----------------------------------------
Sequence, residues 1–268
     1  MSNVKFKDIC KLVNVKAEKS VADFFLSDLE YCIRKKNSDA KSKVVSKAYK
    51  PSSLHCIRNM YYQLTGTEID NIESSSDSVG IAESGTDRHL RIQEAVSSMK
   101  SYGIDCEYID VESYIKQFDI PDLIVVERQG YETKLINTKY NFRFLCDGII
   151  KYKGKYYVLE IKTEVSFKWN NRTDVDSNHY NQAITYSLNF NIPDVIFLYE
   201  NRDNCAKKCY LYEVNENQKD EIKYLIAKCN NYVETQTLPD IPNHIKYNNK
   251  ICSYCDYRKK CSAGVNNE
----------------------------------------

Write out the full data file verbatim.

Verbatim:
Sequence, residues 1–268
     1  MSNVKFKDIC KLVNVKAEKS VADFFLSDLE YCIRKKNSDA KSKVVSKAYK
    51  PSSLHCIRNM YYQLTGTEID NIESSSDSVG IAESGTDRHL RIQEAVSSMK
   101  SYGIDCEYID VESYIKQFDI PDLIVVERQG YETKLINTKY NFRFLCDGII
   151  KYKGKYYVLE IKTEVSFKWN NRTDVDSNHY NQAITYSLNF NIPDVIFLYE
   201  NRDNCAKKCY LYEVNENQKD EIKYLIAKCN NYVETQTLPD IPNHIKYNNK
   251  ICSYCDYRKK CSAGVNNE